I think it is safe to say that most of us here have an interest in birdwatching. Some of us are also interested in photographing birds, documenting what we see and also enabling others to enjoy these sightings . Bird photography can be very tricky though and doesn’t always come out the way we want it to. Through trial and error as well as tips from other nature photographers, I have slowly learned different tricks of the trade and am still learning. Here is one trick that I have found helps me a lot.
Take a look at the picture above. Probably doesn’t do much for you, right? Just a killdeer photograph, nothing exciting about the shot itself. What could have been done to make this a better photograph? I have found that getting low can often drastically improve the photo. Get down at eye level with the bird, you can often create better eye contact with the bird, bringing the viewer into a connection with the photo. The Killdeer will then seem more interesting, not only because of the lower angle, but because of the change in the depth of field of the shot.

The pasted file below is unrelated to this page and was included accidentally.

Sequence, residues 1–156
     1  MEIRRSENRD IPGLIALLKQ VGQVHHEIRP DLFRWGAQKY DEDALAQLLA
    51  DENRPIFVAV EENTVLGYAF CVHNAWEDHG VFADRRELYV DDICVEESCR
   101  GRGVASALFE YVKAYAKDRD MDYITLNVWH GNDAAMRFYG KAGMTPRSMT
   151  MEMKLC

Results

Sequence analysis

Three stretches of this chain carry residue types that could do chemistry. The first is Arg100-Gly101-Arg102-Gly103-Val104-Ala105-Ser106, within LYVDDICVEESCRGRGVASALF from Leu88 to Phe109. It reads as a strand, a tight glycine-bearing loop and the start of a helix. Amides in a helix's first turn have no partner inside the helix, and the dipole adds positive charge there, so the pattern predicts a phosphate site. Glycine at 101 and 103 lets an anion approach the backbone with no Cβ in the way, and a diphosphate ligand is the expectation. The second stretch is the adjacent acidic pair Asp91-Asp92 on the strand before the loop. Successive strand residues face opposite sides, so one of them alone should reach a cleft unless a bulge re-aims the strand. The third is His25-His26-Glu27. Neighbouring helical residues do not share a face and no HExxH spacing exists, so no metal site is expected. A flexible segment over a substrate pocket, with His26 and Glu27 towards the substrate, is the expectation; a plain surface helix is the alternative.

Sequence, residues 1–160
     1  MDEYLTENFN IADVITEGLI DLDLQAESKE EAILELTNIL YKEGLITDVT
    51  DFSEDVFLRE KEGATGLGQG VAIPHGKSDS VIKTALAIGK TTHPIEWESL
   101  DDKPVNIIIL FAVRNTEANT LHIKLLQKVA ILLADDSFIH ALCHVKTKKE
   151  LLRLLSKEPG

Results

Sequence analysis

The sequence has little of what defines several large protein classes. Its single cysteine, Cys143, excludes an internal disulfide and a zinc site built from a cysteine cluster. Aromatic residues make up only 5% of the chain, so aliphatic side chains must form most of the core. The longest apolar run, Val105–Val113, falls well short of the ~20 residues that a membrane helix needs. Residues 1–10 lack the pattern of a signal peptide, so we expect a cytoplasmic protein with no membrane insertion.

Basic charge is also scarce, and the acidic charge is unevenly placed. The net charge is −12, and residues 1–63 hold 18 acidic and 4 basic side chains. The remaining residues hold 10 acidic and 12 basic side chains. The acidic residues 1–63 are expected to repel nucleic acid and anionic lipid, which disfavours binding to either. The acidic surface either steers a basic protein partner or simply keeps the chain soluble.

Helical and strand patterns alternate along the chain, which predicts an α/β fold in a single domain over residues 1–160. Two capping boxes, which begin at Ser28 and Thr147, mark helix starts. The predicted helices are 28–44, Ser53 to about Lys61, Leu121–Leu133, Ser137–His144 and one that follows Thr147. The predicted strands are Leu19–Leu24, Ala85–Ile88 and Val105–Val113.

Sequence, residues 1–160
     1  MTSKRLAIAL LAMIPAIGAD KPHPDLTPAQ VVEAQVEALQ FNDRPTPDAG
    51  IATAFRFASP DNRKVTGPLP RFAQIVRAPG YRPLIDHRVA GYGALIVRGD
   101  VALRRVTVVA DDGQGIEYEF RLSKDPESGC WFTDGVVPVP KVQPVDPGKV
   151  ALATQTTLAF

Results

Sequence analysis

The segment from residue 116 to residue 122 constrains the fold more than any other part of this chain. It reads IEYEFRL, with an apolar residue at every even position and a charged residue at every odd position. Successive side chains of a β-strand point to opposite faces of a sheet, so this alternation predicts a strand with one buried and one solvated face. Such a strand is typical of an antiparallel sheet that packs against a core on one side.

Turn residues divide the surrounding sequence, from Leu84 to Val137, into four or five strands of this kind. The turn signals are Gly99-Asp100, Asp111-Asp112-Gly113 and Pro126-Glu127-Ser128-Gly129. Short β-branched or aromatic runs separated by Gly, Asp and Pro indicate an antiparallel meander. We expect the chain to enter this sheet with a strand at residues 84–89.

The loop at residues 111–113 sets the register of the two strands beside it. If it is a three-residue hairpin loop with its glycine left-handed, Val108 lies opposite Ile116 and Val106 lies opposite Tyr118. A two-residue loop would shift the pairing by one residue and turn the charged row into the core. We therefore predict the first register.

Depth of field (also known as DOF), is the term for the amount of distance between the closest and farthest objects that appear sharp in the photograph. In the second picture above, a shallower depth of field (meaning a blurry background) makes the photo less distracting and more pleasing to the eye. In the photo pictured below, I took it one step further, instead of simply kneeling, I lay on my stomach, creating a very shallow depth of field and therefore, a picture that is more likely to catch your eye than the first photo.
Changing the depth of field is a remarkably simple technique but incredibly powerful in the way a photo comes out. By getting low, chances are you can improve your bird photography.
Posted by Matthew Sim